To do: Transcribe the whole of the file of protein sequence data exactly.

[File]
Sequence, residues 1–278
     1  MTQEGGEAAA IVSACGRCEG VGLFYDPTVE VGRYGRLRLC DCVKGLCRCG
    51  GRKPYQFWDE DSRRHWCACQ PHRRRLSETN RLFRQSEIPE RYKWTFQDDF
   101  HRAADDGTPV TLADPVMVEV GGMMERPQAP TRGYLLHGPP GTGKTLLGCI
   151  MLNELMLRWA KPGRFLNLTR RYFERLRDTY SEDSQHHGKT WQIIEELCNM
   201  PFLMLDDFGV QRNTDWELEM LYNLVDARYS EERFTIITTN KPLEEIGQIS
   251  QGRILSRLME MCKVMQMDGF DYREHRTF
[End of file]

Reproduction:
Sequence, residues 1–278
     1  MTQEGGEAAA IVSACGRCEG VGLFYDPTVE VGRYGRLRLC DCVKGLCRCG
    51  GRKPYQFWDE DSRRHWCACQ PHRRRLSETN RLFRQSEIPE RYKWTFQDDF
   101  HRAADDGTPV TLADPVMVEV GGMMERPQAP TRGYLLHGPP GTGKTLLGCI
   151  MLNELMLRWA KPGRFLNLTR RYFERLRDTY SEDSQHHGKT WQIIEELCNM
   201  PFLMLDDFGV QRNTDWELEM LYNLVDARYS EERFTIITTN KPLEEIGQIS
   251  QGRILSRLME MCKVMQMDGF DYREHRTF